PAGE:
Vietnam Time

1/29/2018 3:12:38 PM

Exhibition hightlights victory of 1968 Tet Offensive in Hanoi

(VNF) - Entitled The Epic of the 1968 Tet Offensive, an exhibition celebrating the 50th anniversary of the victory of the campaign, is being held in Hanoi from January 26th.

Commando Ba Mu (whose real name is Do Van Can) disguised himself as a rubber latex collector to fool the enemy. He used a tricycle to transport weapons to serve the South Vietnam liberation forces 50 years ago, during the 1968 Tet Offensive.

That tricycle is on display at the exhibition that will run until the end of February at the Military History Museum of Vietnam, 28A Dien Bien Phu Street.

The tricycle what Commando Ba Mu used to transport weapons to the battlefield. (Photo: VNA)

The exhibition displays more than 300 images, documents and objects. Ba Mu’s tricycle is one among many objects showcased to the public for the first time.

It is divided into three parts: devotion for the battlefield, the historical turning point and echoes of the epic. They depict the determination of Vietnamese people and soldiers in fighting for peace and liberation.

“The Military History Museum of Vietnam organised the exhibition with the aim of asserting the historical magnitude and significance of the general offensive and uprising in 1968,” said Nguyen Xuan Nang, director of the museum.

“During nearly two months of attack and insurrection, the Tet Offensive 1968 marked a strategic turning point for the resistance war against the U.S. and its allies. It caused the U.S. a ‘sudden shock’, disrupting their strategic plan, shaking the White House, the Pentagon and all of the U.S. and forced President Johnson to deescalate the war and agree to sign the historic Paris Peace Accord. The victory also helped lead to the liberation of southern Vietnam and the unity of the country in 1975.”

Visitors at the exhibition. (Photo:

“The 1968 Tet Offensive affirmed the outstanding, visionary leadership of the Party and President Ho Chi Minh,” said Nang. “It promoted patriotism, national pride and the will to overcome all difficulties to fulfill the task of building and protecting the country.”


The 1968 Tet Offensive, also known as the Mau Than General Offensive, was among one of the largest campaigns during the two-decade-long American War in Vietnam.

Images of battles raging in major cities across the South were broadcasted all over the world, most memorable was perhaps the siege of the American embassy in central Sai Gon, now Ho Chi Minh City.

The offensive shattered the illusion, one carefully crafted by the Johnson administration that the end of the conflict was near. “We have reached an important point where the end begins to come into view,” proclaimed Gen William Westmoreland, U.S. commander in Vietnam in November 1967.

Meanwhile, the Vietnam People’s Army of (VPA) and their southern brethren the National Liberation Front (NLF) were making preparation for the largest military mobilisation of the conflict until this point.

Vietnamese national liberation forces’ objectives were set to lure major regiments of the U.S. army to the border area between Vietnam and Laos to create opportunities for NLF units to infiltrate large cities and gear up for the general offensive.

Two VPA soldiers on a charge during a battle along Route 9. (VNA/VNS Photo Luong Nghia Dung)

A new theatre of war was in the making with Khe Sanh chosen as its highlight. The base’s strategic location along Route 9 allowed American forces to survey and recon movements on the Ho Chi Minh Trail, to block VPA infiltration from Laos and to serve as an anchor for the defences south of the DMZ.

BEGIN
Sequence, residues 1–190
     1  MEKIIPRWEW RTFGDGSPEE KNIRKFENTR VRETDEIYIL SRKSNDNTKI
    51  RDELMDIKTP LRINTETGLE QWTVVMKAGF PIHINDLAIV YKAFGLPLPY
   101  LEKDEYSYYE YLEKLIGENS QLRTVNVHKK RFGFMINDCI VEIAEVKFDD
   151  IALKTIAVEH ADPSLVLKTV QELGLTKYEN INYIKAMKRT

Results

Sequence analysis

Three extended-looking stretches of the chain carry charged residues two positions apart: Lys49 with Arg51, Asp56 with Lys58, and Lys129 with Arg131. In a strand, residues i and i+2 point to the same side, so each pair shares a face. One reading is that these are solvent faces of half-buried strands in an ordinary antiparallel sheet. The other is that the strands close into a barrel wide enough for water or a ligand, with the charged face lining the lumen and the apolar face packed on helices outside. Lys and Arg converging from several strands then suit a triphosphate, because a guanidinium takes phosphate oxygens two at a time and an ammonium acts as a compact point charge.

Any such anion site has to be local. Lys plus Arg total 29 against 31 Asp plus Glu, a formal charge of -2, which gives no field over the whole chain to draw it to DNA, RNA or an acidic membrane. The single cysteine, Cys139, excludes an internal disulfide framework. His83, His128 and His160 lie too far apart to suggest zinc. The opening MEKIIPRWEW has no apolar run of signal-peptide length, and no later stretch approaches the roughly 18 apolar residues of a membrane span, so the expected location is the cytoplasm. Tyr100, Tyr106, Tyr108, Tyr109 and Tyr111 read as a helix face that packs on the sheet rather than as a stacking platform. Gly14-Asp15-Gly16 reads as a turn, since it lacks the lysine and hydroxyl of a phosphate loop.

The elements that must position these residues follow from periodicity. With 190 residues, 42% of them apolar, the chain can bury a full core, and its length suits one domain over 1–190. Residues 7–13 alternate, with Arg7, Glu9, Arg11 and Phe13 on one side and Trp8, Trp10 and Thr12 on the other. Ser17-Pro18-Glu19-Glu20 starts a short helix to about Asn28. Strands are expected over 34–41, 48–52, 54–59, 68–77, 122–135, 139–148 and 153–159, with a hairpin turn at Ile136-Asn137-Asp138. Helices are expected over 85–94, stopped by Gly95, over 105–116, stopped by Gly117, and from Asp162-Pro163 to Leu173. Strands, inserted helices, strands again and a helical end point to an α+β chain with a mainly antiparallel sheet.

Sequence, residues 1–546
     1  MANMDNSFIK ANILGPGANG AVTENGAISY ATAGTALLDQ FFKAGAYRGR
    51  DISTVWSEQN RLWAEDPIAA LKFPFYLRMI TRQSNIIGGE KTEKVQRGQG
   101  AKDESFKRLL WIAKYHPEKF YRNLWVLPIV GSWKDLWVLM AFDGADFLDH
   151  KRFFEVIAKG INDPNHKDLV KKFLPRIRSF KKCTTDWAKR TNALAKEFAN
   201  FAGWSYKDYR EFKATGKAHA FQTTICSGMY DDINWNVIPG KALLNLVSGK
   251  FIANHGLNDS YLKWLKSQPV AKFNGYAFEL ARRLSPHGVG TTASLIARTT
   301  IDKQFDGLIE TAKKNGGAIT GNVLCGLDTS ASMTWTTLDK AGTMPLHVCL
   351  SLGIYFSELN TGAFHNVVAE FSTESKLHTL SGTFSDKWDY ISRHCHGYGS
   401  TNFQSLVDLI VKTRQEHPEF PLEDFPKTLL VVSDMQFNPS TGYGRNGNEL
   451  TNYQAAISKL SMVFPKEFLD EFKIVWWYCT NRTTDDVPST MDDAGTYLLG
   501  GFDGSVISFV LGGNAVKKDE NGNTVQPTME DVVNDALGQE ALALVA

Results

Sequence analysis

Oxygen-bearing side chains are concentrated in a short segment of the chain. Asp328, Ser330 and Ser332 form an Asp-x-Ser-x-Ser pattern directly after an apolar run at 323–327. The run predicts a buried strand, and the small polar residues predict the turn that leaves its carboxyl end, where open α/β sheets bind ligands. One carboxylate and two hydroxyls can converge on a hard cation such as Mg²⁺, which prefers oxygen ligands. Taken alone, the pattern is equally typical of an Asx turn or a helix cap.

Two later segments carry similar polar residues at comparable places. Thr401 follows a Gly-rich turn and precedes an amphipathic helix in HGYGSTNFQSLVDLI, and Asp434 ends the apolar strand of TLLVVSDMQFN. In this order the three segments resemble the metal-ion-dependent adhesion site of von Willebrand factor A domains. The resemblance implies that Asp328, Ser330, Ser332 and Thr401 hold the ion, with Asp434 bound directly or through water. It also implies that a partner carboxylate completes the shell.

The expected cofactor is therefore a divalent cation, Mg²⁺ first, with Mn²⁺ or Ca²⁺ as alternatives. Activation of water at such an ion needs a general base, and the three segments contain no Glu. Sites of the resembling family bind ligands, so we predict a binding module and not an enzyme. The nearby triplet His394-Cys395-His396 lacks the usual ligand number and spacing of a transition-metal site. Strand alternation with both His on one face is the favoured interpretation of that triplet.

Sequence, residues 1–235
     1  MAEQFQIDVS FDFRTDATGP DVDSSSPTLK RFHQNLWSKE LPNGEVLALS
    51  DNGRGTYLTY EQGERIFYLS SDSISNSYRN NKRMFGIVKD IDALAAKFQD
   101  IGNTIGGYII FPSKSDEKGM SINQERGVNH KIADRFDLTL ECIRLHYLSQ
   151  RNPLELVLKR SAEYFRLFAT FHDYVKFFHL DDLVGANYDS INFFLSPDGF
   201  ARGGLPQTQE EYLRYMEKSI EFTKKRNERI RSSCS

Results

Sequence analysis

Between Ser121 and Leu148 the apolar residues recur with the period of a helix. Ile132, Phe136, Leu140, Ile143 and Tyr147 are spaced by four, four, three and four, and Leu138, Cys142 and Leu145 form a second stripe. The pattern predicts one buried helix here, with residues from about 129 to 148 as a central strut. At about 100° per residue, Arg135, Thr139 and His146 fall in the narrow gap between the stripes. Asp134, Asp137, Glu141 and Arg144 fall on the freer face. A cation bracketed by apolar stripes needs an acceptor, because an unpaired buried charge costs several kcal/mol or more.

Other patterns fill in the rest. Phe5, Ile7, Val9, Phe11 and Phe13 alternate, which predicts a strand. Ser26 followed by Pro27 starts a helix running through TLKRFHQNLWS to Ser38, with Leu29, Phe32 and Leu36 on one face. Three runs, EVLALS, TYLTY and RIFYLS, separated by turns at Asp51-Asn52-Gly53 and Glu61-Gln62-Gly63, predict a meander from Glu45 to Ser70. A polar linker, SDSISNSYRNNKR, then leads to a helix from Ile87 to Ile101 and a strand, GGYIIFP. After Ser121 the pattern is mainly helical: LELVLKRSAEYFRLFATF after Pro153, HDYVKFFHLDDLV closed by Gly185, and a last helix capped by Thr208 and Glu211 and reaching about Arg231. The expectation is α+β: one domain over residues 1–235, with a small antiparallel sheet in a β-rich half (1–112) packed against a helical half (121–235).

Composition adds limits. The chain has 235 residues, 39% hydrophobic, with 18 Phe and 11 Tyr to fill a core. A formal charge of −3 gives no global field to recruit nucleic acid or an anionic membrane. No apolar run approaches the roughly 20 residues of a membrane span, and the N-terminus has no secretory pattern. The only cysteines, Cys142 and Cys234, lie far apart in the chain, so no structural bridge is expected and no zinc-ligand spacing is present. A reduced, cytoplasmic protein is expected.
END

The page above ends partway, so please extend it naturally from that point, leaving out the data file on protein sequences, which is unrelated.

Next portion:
Khe Sanh was built on a former fort, a relic of the old French Indochina colonial empire. The outpost was equipped with an airfield and formerly served as an outpost for U.S. Special Forces. By the time the VPA artillery shells were falling on the base in deafening thunder on January 21st, 1968, Khe Sanh was a marine base heavily reinforced by 45,000 soldiers with artillery and air support.

The siege of Khe Sanh marked the first large-scale battle of the conflict, which the VPA had actively avoided due to American superior air support and firepower. The VPA committed three divisions: the 304th, 320th and 325th in the siege of Khe Sanh, a battle which many newspapers drew a comparison to the famous siege of the French Dien Bien Phu fortified camp that ended the First Indochina War.

The 1,500 tons of artillery and mortar rounds, 90 per cent of the whole base’s entire stock was lost, the explosion continued for another 48 hours after. The base’s airfield also sustained heavy damage by artillery fires.

By the end of the battle, the U.S. had dropped some 32,000 tons of bombs and ordnance in the arena.

But the VPA was determined. Despite the heavy bombing, the siege tightened around the base. Meanwhile, other offensives were taking place the entire central part of the country with liberation forces in major towns and cities including Hue and Quang Tri took arms against American forces.

In addition to Quang Tri and Dong Ha, the battle of Khe Sanh allowed the VPA and the NLF to weaken American forces stationed in Hue, the former royal capital city which hold great strategic and symbolic value, setting the stage for national liberation forces to reclaim the city.

By the time Khe Sanh made the headline of major newspapers around the world and came under the spotlight of US politics, the Tet Offensive preparation was completed. the National Liberation forces were ready to stage the largest military offensive throughout the South in both rural areas and major towns and cities, a campaign that many historians later believe it was the turning point of the American War in Vietnam./.

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